When I wrote about The Man Who Quit Money, some of you suggested that what Suelo was doing – completely removing the concepts of money and debt from his life – was nice, but not very realistic for most people. I pushed back, because I hate hearing “oh, well that’s nice for them” used as an excuse, as if they are somehow more or less human than you and therefore you are totally justified in remaining stuck and miserable wherever you are. But one reader, through a series of emails, helped me see the disconnect in another light, while reminding me of one of the biggest obstacles to being happy: real life.
“Take my neighbor who also chooses to consciously live without worrying – and has an active meditation and yoga practice and truly does not judge, does not get worked up about ‘stuff’ and is currently wandering around Spain and Portugal with her husband… but she has a house, a job, a young adult child… she rarely gets angry and truly works to be in the moment, be thankful for the moment. That I aspire to. I have another friend – a mom to 5 kids – who is in her early 30′s – and she just got accepted, with almost a full scholarship, to law school. She already has a degree in social work and is drawn to taking it a step further. That I find inspiring – she’s on the PTA – she drives a mini van – but she is not worried about ‘how’ she could be a lawyer….these are regular people (like yourself) who are making paths that I can find inspiration in.”
(I immediately wanted to meet that mom of 5 who is going to law school.)
I got what Jacqueline was saying, but mostly on an intellectual level. I read her words in the beginning of April, fresh off of my own impossible dream – 10 months of traveling in an RV with my family – so it seemed to me like anyone could go to extremes to live their values if they wanted to. They just had to be really committed.
Fast forward to today:
I’ve been living at my in-laws’ house for almost two months and will be here for two more before moving to a new city. I’ve been to a nail salon twice in the last two months and bought new shoes and clothes to replace some of what I sold last spring. I’ve gone on zero hikes with my family and one date night with my husband.
At first glance, my life today is almost identical to my life a year ago, except now I’m living in another adult’s house in my hometown instead of in my own home in sunny Florida.
I have had moments when I have wondered if we made a huge mistake. Perhaps I had been too naive and optimistic, thinking we could live some kind of life that most people don’t, thinking we could ditch prescribed reality for intentional living. I have used the word failure more than once.
But the point that Jacqueline was trying to make back in April lies in the subtle differences between life today and life a year ago.
Today, my husband is working in the next room. I can hear my daughter reading aloud. My son is sulking in his room after an argument with his father, one he could have only had with me a year ago because his dad was almost always at work.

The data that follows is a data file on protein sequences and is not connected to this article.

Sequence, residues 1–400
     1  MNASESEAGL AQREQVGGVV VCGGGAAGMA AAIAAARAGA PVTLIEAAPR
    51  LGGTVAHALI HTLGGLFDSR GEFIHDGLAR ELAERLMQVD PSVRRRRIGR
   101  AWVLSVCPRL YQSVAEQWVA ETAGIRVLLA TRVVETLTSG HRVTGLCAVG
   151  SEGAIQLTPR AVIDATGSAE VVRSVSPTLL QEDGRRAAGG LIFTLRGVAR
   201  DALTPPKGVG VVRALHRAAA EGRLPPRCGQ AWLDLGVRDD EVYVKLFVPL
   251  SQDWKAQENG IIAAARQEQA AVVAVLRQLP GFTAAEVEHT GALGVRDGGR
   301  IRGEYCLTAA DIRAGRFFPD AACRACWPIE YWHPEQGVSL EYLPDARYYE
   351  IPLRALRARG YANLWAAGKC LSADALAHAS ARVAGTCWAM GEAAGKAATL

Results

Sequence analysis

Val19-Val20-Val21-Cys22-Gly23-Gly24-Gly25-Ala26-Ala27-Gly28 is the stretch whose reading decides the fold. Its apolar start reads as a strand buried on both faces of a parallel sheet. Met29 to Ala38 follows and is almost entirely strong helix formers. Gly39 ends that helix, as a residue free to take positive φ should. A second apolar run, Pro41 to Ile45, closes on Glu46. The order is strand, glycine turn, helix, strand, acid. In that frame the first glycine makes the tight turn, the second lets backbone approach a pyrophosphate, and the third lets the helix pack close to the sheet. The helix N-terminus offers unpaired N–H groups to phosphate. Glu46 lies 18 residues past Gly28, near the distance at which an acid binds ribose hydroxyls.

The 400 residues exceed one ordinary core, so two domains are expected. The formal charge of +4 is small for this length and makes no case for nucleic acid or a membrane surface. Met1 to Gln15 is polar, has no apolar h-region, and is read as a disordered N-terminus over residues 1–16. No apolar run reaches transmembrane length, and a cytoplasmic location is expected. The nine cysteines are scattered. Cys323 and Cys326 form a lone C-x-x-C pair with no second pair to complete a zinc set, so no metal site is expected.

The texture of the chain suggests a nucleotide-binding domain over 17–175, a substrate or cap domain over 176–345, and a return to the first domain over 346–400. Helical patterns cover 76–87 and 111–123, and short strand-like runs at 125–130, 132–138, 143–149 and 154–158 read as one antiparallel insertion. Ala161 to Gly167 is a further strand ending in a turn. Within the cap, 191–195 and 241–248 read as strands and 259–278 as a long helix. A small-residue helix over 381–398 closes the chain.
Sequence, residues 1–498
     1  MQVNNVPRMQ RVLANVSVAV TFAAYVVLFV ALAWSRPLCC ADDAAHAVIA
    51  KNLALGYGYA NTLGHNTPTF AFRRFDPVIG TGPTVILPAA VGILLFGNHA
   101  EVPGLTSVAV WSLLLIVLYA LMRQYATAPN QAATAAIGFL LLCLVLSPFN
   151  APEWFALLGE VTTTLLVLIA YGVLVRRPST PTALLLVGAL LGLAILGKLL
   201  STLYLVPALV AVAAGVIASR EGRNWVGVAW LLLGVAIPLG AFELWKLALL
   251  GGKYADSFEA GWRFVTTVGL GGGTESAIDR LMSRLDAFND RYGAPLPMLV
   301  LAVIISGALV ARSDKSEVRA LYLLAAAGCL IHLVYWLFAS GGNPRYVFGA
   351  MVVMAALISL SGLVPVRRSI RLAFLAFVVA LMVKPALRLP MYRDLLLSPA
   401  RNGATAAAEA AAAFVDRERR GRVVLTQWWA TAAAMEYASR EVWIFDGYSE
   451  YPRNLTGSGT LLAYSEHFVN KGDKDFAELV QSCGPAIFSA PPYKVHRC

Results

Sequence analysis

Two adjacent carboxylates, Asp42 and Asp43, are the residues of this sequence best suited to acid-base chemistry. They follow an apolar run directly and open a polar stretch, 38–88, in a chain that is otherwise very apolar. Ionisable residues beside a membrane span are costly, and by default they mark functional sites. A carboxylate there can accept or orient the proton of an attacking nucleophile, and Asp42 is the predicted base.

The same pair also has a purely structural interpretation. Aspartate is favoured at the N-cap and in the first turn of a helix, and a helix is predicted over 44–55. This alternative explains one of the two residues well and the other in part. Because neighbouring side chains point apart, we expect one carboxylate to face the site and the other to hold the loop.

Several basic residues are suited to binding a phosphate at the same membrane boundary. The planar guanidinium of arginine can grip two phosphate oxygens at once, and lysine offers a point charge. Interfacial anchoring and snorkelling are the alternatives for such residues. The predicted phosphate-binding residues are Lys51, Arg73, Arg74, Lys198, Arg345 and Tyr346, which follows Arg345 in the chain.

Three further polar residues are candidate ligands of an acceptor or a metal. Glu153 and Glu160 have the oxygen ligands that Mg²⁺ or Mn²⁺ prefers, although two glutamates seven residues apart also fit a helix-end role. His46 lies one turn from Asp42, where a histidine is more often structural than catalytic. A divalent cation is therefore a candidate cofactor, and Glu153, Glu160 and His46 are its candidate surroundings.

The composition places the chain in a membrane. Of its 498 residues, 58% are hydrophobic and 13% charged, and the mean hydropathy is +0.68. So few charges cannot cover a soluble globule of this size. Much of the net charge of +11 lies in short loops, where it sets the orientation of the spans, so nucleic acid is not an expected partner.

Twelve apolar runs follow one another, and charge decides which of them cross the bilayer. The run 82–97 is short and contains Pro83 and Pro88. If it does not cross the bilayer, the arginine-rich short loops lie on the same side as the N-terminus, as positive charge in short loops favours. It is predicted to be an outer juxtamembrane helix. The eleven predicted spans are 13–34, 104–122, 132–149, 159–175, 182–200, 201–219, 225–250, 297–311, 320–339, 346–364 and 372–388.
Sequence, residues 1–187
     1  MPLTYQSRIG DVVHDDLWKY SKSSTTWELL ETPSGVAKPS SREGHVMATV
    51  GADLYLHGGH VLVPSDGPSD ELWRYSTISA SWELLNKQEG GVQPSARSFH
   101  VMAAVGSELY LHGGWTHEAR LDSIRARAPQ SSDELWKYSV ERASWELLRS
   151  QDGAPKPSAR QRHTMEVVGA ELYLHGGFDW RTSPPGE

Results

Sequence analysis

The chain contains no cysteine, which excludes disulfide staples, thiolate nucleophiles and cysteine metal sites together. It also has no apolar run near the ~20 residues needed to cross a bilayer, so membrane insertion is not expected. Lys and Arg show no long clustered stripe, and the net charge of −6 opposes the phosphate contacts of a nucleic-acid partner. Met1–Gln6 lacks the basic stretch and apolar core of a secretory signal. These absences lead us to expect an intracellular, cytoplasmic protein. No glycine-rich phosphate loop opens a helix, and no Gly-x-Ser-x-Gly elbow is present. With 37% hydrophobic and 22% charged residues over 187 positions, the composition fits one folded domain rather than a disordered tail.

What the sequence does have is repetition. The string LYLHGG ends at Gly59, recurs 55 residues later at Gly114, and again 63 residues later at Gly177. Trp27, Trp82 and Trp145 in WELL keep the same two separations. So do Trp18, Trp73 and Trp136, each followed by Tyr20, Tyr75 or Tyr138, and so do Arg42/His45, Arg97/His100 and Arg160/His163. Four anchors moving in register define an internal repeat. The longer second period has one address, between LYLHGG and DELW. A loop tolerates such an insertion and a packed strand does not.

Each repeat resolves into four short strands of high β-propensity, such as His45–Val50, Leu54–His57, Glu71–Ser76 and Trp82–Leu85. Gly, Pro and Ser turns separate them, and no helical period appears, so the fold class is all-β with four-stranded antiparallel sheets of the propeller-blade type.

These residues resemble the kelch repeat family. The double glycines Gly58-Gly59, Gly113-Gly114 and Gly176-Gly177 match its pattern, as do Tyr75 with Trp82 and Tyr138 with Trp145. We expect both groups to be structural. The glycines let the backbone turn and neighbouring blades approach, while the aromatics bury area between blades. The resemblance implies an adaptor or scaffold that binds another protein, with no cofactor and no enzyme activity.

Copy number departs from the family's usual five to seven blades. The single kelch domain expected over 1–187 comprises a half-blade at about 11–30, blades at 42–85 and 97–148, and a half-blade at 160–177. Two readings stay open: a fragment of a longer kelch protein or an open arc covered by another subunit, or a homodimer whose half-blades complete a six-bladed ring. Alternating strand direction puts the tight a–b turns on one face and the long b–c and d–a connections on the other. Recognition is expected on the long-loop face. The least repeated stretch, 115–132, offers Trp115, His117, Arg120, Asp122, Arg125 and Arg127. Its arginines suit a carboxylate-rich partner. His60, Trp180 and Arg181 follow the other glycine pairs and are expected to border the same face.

Everything we own still fits into three bedrooms; Jared and I comfortably share a closet and a car – the car we bought ten years ago that has since taken us over 200,000 miles.
More than that, I am intentionally happier than I was a year ago. I’m more aware of the choices I make every day that determine who I am, where I’m headed, and what mark I’m leaving in my wake.
We are living our values within the confines of real life.
As someone who has fairly recently dropped out of and then back into “real life”, I can say with confidence that it is a hell of a lot harder to be intentional as a “regular” person. The pressure to conform is everywhere and the landscape is slashed with deeply worn ruts of tradition and normalcy. Living intentionally among mainstream society means constantly having to define and defend your values, even to yourself. It can be exhausting. It’s tempting to fall into the nearest groove and let yourself be carried away for a while on the current of commonplace.
I understand now why people join communes, cults, and convents.
I get why people expatriate.
I know why Suelo took refuge in the Moab caves.
It is easier to be who you want to be when you aren’t surrounded by people telling you who you should be.
But I am not a solitary person, nor is Jared. We are both very social creatures who happen to love a lot of the people that make up mainstream society. I also value diversity of thought. Furthermore, I have two kids who haven’t yet had the opportunity to decide what their values are. Like most of you, dropping out of real life permanently isn’t the best option for us.
However, I realize now that our temporary isolation has made it much easier to hold on to our values in real life. Our brief encounter with extremism gave us strength to swim against the current, in the same way that moving to Florida gave us space to find who we were away from the people we’d known our entire lives, in the same way that teenagers become complete strangers so that they may separate from their parents.
Going to extremes once in a while can help us be happier in real life.
I believe that small changes can make a big difference in how happy we are. I think that it makes sense to focus on the little thing you can do right now to make your life better. But I also know that our own hard reset has made our normal, everyday life more extraordinary. It was a lot easier to redefine our life when we were out of it.
Maybe we all need to drop out once in a while, if even for just a short time.
What do you think?